3 Strikes And Your Out Essay Research — страница 2

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Some police and court costs may be saved in not having to deal so often with such offenders once they are locked up, but greater prison costs overwhelm such savings. Many questions arise when getting the new law all squared away such as alternatives. What would happen if the state got rid of ?strikes? and instead guaranteed that those convicted of a serious crime serve their full sentence? In other words, what about adopting a law that sends those convicted of a serious felony to prison, eliminates ?good time? for such felons so that they must serve their full term, and shifts some minor felons from prison to probation? It is necessary to compare the benefits and costs of the new law and these alternatives, relative to the old law. But for all the alternatives to the new law, the

cost would drop more than the effectiveness. For example, applying the new law?s penalties only to violent felonies would save half its extra cost but retain two-thirds if its effectiveness . Cost effectiveness is not necessarily the most important criterion. To some people, a reduction in serious crime on the order of 30 percent would be attractive no matter what the cost. The new three strikes law does not crack down on first-time serious offenders. Instead, it expends large amounts of money keeping older criminals, including many convicted of minor offenses, locked up. The money to finance three strikes will have to come from somewhere. Health and welfare costs have been going up for a long time and show no sign of leveling off. The new three strikes law will double the

fraction of the general fund consumed by the Department of Corrections. Consequently, these increases will put enormous pressure on everything else the state spends money on. According to Clear, a mandatory sentence is a sentence stipulating that minimum period of incarceration must be served by people convicted of selected crimes, regardless of background or circumstance. The ?three strikes and you?re out? laws are examples of mandatory sentencing. In California, where they are most commonly used, the laws have resulted in clogging the courts, lowering rates of plea bargaining, and causing desperate offenders to violently resist arrest . As with all laws, there are the pros and cons that consequently follow them. One study has showed that the law did not have a large impact on

the reduction in rates of serious crimes or petty theft. Research in Los Angeles has shown that the impact of the law hits African Americans the hardest. According to statistics, during the first six months 57% of those charged under the new law were African American, which happened to be 17 times the rate of Whites. One California study reported that 84% of a sample of three-strike offenders ?had been convicted at least once for a violent crime,? as well as and average of five felonies a piece. This was revealed after it was argued that these laws unfairly affect nonviolent offenders. The three-strikes law is like a double-edges sword in that while it is successful at obtaining its objectives, it also has a flipside. Does the three-strikes law really make a difference, and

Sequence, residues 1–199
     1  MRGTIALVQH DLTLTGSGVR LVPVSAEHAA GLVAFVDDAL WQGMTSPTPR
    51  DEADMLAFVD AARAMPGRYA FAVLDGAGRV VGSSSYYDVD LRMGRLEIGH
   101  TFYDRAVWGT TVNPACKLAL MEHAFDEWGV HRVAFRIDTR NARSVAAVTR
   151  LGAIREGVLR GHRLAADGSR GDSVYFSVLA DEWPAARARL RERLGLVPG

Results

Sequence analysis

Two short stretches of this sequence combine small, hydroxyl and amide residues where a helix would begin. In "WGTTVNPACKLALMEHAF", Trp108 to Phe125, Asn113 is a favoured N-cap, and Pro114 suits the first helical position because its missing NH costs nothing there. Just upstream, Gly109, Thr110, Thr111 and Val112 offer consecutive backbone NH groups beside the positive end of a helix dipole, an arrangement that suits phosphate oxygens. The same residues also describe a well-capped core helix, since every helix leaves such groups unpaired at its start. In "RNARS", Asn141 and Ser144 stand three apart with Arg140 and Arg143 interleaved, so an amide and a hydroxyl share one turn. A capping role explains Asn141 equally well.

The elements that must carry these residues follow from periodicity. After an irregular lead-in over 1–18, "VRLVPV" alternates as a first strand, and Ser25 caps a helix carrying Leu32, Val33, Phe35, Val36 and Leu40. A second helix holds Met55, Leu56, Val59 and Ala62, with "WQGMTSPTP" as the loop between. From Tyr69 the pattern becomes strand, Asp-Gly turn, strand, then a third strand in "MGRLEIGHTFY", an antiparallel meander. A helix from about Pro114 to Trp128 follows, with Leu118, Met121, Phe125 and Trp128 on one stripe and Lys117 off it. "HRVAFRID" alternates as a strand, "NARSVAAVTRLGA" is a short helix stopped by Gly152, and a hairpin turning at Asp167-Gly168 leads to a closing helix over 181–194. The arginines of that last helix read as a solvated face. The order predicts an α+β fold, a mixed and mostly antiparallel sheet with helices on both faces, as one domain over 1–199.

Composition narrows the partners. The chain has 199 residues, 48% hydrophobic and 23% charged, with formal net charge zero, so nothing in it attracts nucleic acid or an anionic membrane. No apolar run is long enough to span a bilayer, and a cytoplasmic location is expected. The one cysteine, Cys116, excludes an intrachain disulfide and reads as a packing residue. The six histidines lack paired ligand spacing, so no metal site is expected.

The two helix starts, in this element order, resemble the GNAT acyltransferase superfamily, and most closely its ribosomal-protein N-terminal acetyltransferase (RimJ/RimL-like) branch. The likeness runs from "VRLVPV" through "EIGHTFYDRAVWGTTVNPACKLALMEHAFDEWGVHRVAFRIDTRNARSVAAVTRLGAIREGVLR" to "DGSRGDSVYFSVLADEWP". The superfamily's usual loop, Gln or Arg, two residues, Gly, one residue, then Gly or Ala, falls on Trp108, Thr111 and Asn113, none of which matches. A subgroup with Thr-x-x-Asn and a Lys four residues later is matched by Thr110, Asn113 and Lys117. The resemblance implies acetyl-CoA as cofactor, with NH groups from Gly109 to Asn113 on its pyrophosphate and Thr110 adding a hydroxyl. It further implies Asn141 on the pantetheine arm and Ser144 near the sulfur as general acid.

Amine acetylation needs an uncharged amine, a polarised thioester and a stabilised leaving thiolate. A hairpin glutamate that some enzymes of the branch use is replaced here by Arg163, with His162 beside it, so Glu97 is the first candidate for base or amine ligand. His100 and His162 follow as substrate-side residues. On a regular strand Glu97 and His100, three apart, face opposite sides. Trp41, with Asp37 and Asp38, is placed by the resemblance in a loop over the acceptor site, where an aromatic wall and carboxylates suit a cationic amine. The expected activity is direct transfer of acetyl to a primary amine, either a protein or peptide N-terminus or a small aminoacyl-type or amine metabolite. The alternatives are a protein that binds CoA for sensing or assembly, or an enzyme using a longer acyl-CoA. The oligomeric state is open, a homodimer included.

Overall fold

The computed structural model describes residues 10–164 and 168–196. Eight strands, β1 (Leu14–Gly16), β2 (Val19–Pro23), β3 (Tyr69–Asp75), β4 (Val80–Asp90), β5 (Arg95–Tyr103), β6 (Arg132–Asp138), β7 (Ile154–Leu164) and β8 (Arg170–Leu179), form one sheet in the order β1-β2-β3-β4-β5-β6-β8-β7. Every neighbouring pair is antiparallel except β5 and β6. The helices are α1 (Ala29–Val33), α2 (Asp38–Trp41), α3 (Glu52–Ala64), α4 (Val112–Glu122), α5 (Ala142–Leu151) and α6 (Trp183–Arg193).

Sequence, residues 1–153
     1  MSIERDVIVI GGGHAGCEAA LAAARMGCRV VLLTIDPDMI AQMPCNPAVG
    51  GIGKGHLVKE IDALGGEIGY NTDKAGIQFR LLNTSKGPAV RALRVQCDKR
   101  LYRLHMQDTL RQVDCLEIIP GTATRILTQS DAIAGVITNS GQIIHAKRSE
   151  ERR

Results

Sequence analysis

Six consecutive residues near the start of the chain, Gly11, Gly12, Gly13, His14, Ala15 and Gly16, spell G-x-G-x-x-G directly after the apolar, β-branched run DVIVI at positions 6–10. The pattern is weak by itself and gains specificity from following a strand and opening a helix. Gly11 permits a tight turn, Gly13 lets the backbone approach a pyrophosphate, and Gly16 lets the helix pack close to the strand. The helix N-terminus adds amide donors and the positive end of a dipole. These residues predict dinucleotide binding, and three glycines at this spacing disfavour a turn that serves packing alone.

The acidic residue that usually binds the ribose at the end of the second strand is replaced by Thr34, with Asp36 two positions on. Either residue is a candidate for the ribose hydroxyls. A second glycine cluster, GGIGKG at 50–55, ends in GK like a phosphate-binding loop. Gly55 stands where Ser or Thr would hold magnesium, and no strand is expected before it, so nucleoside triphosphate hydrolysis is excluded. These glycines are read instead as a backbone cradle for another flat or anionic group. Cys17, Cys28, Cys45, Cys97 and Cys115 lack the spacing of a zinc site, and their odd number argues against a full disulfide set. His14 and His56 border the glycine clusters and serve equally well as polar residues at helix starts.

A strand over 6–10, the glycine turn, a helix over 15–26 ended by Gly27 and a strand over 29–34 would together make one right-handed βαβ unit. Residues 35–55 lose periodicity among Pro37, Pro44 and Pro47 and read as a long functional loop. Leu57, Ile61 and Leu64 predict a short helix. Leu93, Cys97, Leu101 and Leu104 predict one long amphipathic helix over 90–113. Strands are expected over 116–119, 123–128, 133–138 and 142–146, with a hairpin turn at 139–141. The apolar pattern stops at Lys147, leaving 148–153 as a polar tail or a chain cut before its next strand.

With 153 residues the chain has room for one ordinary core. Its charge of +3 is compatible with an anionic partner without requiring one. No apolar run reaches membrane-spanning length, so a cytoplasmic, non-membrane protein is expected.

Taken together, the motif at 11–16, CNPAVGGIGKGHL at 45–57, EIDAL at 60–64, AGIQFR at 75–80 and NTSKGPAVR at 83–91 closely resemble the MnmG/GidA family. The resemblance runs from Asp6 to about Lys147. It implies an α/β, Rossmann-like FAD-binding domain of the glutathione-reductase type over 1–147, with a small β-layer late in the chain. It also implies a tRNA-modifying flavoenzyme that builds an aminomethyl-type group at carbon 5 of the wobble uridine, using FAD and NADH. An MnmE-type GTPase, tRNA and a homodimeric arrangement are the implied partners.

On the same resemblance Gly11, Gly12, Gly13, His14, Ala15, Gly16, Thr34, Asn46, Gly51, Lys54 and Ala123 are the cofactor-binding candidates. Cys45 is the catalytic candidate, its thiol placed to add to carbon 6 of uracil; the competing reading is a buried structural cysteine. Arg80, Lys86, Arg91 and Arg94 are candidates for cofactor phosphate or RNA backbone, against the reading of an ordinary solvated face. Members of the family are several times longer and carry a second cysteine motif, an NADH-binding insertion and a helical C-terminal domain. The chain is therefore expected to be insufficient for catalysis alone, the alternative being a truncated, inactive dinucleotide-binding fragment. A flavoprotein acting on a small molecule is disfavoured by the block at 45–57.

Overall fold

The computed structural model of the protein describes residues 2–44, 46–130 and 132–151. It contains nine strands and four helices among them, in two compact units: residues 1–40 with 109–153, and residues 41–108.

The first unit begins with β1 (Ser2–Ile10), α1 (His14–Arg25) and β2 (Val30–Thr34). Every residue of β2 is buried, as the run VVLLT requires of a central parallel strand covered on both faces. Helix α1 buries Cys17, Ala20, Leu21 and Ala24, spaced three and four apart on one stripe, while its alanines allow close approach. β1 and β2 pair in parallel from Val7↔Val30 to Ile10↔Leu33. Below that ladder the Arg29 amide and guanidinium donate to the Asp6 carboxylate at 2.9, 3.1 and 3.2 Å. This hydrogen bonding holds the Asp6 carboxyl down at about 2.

affect the crime rate? The following, according to Clear are the pros and cons regarding the laws in California. The law does incapacitate habitual offenders (its main objective), but there is no hard evidence that the law has had a deterrent effect on crime commission. The California law targets repeat felons but captures mostly nonviolent offenders. Three strike defendants decline plea bargains and crowd jails, which in turn leads to the early release of other offenders. Prison problems are exacerbated by demand for space, high costs of building and staffing, safety and health concerns for inmates and employees, and an escalation of geriatric inmate health care costs. Through the experience of other mandatory sentencing laws and the impact expected by them, it served as a model

for the three strikes law. In 1973, when New York imposed tough mandatory sentences for drug dealers, prosecutors had to reduce charges to get guilty please because the sentences raised the stakes for the defendant so high . Forty states employ some version of a truth-in sentencing law, and since 1996 the Department of Justice has provided more than $1.3 billion in the incentives grants programs. This has stirred up so much attention that the federal government has allocated most of the $10 billion for prison construction only to those states that adopt truth-in sentencing . Critics of Truth In Sentencing say the measure strains the already overcrowded state prison system. Others say the bill?s costs, with one estimate into the hundreds of millions, were not scrutinized enough by